The usual sights on the 405 Freeway in Los Angeles include famous street signs, beautiful sunsets, colorful graffiti — and plenty of law-breaking distracted drivers: SUV owners yakking on cell phones; teens texting away while behind the wheel.
Now there’s “Bubblehead,” a giant Barbarella-like cutie holding up a cell phone whose on-screen message reads: “PLS DNT TXT & DRIVE.”
Los Angeles artist Mike McNeilly created the 13,000-square-foot billboard as part of his continuing series of public service works starring the Bubblehead character, so named because she’s wearing a space helmet — and apparently nothing else. The image brings recollections of Jane Fonda in the 1968 sci-fi sex romp “Barbarella.”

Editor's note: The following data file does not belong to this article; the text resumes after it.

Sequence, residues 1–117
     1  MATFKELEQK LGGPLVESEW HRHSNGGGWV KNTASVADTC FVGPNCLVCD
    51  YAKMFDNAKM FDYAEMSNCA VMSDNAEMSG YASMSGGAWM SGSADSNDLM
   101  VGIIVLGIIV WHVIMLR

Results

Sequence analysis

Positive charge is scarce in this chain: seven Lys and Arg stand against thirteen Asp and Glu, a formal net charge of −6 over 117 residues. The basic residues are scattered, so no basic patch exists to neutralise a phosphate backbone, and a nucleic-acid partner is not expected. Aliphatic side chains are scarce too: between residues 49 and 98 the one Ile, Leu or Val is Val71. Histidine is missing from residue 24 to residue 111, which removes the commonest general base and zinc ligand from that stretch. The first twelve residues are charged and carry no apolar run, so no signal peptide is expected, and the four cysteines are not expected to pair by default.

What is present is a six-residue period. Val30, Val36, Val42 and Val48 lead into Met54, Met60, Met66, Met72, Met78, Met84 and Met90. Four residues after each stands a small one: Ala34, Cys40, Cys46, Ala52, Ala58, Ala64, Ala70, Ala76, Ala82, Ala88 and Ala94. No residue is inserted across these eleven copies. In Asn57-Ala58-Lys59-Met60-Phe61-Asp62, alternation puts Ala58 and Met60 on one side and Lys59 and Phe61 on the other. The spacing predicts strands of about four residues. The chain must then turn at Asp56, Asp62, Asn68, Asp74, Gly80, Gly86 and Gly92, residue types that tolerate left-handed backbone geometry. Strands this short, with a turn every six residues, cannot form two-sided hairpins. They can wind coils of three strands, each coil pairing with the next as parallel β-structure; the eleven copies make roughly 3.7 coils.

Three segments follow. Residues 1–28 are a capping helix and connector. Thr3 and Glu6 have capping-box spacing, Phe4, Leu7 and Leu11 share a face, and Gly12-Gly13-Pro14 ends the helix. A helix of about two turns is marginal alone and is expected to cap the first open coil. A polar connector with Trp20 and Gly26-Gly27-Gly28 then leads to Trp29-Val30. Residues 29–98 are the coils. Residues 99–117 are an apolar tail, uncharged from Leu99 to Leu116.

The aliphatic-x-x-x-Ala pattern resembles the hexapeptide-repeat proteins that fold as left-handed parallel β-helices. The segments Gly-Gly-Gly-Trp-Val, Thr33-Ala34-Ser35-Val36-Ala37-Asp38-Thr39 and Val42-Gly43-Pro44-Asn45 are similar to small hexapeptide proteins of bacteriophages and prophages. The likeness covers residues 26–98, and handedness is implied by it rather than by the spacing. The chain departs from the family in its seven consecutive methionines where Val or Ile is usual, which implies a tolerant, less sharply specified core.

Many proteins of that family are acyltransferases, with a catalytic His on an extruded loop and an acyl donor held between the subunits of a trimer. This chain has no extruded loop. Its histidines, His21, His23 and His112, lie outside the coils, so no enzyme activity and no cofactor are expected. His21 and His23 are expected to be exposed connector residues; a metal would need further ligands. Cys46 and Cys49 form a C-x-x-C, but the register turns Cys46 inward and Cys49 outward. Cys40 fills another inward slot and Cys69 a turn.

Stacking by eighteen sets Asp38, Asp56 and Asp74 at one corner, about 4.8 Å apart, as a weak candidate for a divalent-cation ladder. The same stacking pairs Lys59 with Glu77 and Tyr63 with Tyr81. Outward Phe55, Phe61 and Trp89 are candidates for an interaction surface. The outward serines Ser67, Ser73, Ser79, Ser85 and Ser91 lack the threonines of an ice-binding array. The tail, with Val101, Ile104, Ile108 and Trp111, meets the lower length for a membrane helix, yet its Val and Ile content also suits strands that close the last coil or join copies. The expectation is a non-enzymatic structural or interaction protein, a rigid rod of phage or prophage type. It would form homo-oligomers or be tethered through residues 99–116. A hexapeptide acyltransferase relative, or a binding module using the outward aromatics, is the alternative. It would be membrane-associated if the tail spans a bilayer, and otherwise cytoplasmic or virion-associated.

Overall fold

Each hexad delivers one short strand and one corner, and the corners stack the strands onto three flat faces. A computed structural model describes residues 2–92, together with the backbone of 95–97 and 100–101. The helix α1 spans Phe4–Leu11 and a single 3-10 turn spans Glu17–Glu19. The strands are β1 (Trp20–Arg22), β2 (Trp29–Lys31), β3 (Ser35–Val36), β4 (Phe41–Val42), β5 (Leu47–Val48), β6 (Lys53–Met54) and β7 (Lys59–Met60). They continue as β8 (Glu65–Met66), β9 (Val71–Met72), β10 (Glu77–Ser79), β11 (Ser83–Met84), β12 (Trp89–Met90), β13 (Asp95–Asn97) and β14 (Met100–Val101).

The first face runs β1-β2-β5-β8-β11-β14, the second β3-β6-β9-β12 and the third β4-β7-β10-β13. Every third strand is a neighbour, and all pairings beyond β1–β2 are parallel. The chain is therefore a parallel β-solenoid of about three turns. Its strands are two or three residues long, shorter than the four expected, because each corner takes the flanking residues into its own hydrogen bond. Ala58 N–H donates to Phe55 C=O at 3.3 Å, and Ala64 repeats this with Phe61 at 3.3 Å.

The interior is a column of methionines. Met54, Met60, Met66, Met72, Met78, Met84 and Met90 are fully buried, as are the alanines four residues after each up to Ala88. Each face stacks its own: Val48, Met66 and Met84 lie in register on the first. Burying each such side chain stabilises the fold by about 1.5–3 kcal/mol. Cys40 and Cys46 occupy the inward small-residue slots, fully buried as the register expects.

McNeilly, whose street art appears on billboards, buildings, bus-stop benches, construction site walls and the like, has said: “I like to grab someone by the jugular and say, ‘Give me three seconds. Think!’ ”
Previous targets for McNeilly’s do-gooder art include hunger, AIDS (“No Glove, No Love”) and murder.
Via his SkyTag company, McNeilly creates “supergraphics” that cover sides of tall buildings, for commercial and non-commercial promotions. The giant visuals have kept McNeilly in the news, as he tangled with city governments and homeowners groups.